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Ottawa, Illinois
Downtown Ottawa, Illinois in May 2008
Downtown Ottawa, Illinois in May 2008
Radium City, The Friendly City, The Town of Two Rivers, The City On Sand, The Town of Stovepipe hats
Location of Ottawa in LaSalle County, Illinois.
Location of Ottawa in LaSalle County, Illinois.
Location of Illinois in the United States
Location of Illinois in the United States
Country United States
State Illinois
County LaSalle
Townships Ottawa, South Ottawa, Dayton, Rutland, Wallace
Incorporated 1853
 • Type Mayor–council
 • Total 15.55 sq mi (40.29 km2)
 • Land 14.70 sq mi (38.06 km2)
 • Water 0.86 sq mi (2.23 km2)
482 ft (147 m)
 • Total 18,840
 • Density 1,281.98/sq mi (494.98/km2)
Time zone UTC−6 (CST)
 • Summer (DST) UTC−5 (CDT)
ZIP code
Area codes 815, 779
FIPS code 17-56926
Wikimedia Commons Ottawa, Illinois

Ottawa is a city located at the confluence of the navigable Illinois River and Fox River in LaSalle County, Illinois, United States. The Illinois River is a conduit for river barges and connects Lake Michigan at Chicago, to the Mississippi River, and North America's 25,000 mile river system. The population estimate was 18,063, as of 2019. It is the county seat of LaSalle County and it is the principal city of the Ottawa, IL Micropolitan Statistical Area.


La Salle Street, Looking North, Ottawa, IL
La Salle Street c. 1912

Ottawa was the site of the first of the Lincoln-Douglas debates of 1858. During the Ottawa debate Stephen A. Douglas, leader of the Democratic Party, openly accused Abraham Lincoln of forming a secret bipartisan group of Congressmen to bring about the abolition of slavery.

The John Hossack House was a "station" on the Underground Railroad, and Ottawa was a major stop because of its rail, road, and river transportation. Citizens in the city were active within the abolitionist movement. Ottawa was the site of a famous 1859 extrication of a runaway slave named Jim Gray from a courthouse by prominent civic leaders of the time. Three of the civic leaders, John Hossack, Dr. Joseph Stout and James Stout, later stood trial in Chicago for violating the Fugitive Slave Law of 1850.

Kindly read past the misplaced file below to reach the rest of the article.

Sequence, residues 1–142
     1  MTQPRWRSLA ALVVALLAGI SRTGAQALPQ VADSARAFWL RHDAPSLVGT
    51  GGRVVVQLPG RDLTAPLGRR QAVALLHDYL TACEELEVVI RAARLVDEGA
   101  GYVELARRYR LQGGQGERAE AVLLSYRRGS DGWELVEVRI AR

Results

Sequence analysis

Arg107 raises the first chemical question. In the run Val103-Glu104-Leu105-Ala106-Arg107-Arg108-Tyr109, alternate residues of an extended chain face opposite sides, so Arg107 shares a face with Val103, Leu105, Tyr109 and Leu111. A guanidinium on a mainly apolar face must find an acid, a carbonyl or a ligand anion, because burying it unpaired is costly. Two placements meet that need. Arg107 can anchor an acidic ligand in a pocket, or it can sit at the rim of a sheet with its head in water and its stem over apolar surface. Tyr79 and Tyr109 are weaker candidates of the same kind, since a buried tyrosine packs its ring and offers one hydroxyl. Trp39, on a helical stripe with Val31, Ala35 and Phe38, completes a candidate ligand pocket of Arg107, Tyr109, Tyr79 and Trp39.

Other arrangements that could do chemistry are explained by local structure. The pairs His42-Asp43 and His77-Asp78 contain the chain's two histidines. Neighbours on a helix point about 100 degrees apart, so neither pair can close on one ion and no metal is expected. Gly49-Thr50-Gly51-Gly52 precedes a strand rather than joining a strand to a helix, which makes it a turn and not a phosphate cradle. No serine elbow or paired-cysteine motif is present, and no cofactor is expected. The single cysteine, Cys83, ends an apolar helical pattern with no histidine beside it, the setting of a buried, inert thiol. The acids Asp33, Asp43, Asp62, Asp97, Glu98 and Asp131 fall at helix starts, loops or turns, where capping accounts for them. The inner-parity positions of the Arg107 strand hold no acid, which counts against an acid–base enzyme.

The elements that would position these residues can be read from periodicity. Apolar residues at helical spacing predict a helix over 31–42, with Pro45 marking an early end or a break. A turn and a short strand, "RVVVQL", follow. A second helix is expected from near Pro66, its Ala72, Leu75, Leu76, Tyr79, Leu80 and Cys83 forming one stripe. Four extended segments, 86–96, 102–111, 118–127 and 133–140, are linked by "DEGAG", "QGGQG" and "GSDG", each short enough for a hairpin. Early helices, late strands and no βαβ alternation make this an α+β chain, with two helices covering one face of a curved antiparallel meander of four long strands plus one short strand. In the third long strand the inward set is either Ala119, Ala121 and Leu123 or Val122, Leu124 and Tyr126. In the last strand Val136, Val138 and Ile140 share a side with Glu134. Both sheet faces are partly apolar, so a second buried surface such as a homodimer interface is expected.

Ottawa was also important in the development of the Illinois and Michigan Canal, which terminates in LaSalle, Illinois, 12 miles to the west.

On February 8, 1910, William Dickson Boyce, then a resident of Ottawa, incorporated the Boy Scouts of America. Five years later, also in Ottawa, Boyce incorporated the Lone Scouts of America. Boyce is buried in Ottawa Avenue Cemetery. The Ottawa Scouting Museum, on Canal Street, opened to the public on December 6, 1997. The museum features the history of Boy Scouting, Girl Scouting and Camp Fire.

In 1922, the Radium Dial Company (RDC) moved from Peru, Illinois to a former high school building in Ottawa. The company employed hundreds of young women who painted watch dials using a paint called "Luna" for watch maker Westclox. RDC went out of business in 1936, two years after the company's president, Joseph Kelly Sr., left to start a competing company, Luminous Processes Inc., a few blocks away.